Key Insights From Founders To Solve The Coming Talent Crisis

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First, we can all agree that the last 18 months have been hard. With the pandemic hanging over our heads, our lives have been really stressful. Most of us are thrilled to reconnect with our family and friends, make up for missed vacations, and get back the routines that make our lives so much more interesting. However, very few of us, or at least half of Americans who work remotely, are excited about the return of commuting and working long hours in an office.

After a year and a half of remote work, many of us are accustomed to this new cadence and don’t want to go back to our old ways of the pre-pandemic working style. The pandemic revealed to many of us that there’s an opportunity to reinvent the way we view work — and in some instances, how employees are reevaluating their options. 

But for founders I’ve spoken with directly, the picture is a bit more complex. The last 18 months have been a wild ride. Many of them were facing an existential crisis as funding dried up and teams were forced to work remotely overnight. But surprisingly, remote-work turned out to be incredibly productive for their employees. People were working and they were working more than ever. Founders were seeing that they had productive teams, tons of money and that their businesses were looking strong. Then a pivot happened.


Running up against the stark reality of your employees’ interests

Founders I spoke to were starting to see their teams getting a little less productive and were beginning to question the drop in productivity. 

Customer support tickets were taking longer to be completed, emails were slipping through the cracks, and the great resignation undoubtedly started to pick up speed. It turns out that even the most introverted employees have outside hobbies and that goals weren’t being met as offline opportunities arose. 

Founders are starting to realize that employees have other options. A recent PEW survey shows that 66 percent of unemployed people have seriously considered changing occupations

It used to be rare for employees to leave successful startups abruptly — yet almost all companies are reporting them now. In a market flush with capital and more startups, one thing that hasn’t expanded as quickly is the pool of talent. 


Determining your remote-work strategy 

As I continued to talk to founders across the industry about the talent crisis, I noticed a few recurring sentiments: 

  1. I want my employees back in the office; or 
  2. Remote works well for me now; or
  3. I’m going to hire talent wherever I can find them.

By and large, all of these sentiments are the same: I like this, so everyone else should like this too. We need to steer away from this mindset. 

The next few months are going to create incredible opportunities for talent in the tech industry. My thoughts are that founders need to understand that you cannot operate out of the “I like this; you’ll do this” mindset. That mindset won’t work when your competitors can now find and hire talent remotely and are considering the needs of employees.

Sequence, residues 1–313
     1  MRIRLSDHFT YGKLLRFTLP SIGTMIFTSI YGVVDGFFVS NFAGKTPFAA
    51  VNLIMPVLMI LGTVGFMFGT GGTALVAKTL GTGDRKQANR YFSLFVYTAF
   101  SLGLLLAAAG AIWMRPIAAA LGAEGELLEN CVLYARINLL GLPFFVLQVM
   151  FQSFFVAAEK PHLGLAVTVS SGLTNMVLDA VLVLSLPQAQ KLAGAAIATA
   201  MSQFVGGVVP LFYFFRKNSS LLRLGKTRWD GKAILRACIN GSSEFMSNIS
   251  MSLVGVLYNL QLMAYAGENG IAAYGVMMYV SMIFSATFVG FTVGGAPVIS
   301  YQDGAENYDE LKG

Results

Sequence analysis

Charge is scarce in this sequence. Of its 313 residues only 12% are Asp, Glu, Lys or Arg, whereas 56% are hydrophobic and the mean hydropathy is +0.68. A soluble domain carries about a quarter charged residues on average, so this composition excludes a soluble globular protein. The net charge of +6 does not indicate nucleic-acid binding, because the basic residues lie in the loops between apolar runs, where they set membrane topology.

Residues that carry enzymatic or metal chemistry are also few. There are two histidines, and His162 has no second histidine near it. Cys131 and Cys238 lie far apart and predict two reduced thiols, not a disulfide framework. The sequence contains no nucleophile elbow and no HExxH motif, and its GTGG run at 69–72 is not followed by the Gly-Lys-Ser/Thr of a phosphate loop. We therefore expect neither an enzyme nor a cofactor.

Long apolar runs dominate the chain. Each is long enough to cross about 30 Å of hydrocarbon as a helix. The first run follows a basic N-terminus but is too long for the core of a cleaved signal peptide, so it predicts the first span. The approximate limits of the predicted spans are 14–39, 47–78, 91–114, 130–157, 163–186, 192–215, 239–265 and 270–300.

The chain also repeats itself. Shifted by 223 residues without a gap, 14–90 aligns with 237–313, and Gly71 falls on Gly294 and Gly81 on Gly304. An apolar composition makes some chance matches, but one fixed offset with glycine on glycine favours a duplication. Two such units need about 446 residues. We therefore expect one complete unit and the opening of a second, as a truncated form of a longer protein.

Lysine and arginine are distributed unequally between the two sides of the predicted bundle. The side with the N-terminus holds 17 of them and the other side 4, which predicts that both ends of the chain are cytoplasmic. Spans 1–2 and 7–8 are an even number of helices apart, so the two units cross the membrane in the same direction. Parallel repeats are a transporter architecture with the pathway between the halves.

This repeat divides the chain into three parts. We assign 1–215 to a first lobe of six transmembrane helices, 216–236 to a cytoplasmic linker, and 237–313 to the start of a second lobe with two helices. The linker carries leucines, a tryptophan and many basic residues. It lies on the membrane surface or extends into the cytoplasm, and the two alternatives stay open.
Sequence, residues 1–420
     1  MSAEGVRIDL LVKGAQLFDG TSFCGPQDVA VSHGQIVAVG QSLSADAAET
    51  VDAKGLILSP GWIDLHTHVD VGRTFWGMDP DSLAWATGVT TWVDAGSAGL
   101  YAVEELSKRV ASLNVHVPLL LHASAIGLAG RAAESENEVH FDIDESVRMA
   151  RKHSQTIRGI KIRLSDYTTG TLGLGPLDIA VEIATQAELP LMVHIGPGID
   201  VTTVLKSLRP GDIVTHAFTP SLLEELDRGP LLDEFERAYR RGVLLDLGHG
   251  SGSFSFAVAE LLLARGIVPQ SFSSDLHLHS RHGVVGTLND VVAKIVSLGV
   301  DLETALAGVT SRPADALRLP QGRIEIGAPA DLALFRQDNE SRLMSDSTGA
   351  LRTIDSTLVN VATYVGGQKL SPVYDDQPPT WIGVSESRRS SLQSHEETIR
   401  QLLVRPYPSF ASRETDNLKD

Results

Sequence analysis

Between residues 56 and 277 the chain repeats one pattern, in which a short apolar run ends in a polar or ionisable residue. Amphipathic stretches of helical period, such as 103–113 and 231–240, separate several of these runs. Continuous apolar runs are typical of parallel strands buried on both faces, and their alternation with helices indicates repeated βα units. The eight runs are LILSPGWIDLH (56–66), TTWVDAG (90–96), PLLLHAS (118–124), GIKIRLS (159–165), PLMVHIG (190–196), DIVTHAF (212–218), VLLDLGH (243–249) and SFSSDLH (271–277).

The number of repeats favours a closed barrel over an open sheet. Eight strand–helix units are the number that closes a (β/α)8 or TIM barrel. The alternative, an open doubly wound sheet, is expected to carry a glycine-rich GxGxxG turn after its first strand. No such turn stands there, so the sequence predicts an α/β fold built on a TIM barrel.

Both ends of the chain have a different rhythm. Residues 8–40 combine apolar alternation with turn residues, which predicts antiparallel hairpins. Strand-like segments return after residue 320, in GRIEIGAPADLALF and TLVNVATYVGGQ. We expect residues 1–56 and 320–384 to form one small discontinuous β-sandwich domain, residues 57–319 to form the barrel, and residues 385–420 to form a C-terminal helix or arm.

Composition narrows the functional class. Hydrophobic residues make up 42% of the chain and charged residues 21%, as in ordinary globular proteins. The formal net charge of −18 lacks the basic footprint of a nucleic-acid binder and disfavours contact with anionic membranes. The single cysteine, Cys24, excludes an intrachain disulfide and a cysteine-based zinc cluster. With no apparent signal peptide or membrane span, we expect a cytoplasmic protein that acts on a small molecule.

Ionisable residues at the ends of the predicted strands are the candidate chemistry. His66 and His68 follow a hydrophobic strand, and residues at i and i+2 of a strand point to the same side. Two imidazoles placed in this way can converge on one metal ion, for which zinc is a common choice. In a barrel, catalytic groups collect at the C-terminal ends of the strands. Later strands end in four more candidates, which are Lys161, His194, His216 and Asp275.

For this reason, we’re advising companies to begin to determine what’s working, who it’s working for, and what needs to evolve to achieve startup success. Your initial plan might be that five remote employees works great. But what happens after the Series A and you need to scale to 15 employees? Will remote still work for you? Companies need to have a plan and strategy in place to determine what functions require people to work in the office and what functions don’t. By determining this, you can get ahead of your competition and set expectations for your employees. 


Understand your employees’ needs

While there are fantastic resources for fully remote teams  (e.g., the GitLab remote playbook), there aren’t many resources about the new hybrid-work model. To ensure that your business is ready to combat the talent crisis, founders should spend time monitoring, learning and adjusting to the needs of their employees and the demands of their businesses.

One silver lining in this talent crisis is that if founders can navigate to their ideal in-person or remote-working style, the rewards can be profound. The pandemic has shown us that whether we are in the office or not, we will see a reshaping of the culture of work — and startups that can navigate that, will be the next category-defining firms of their generation.

Ryan Falvey, Co-founder and Managing Partner at Financial Venture Studio headshot
Ryan Falvey, Co-founder and Managing Partner at Financial Venture Studio

Ryan Falvey is co-founder and managing partner of Financial Venture Studio. He has spent the last 15 years identifying, supporting and leading market-changing innovations in technology. Since 2015, he’s invested in 40 early-stage fintech firms, which have grown to represent approximately $3 billion in aggregate equity value. 

  • Originally published August 6, 2021, updated April 26, 2023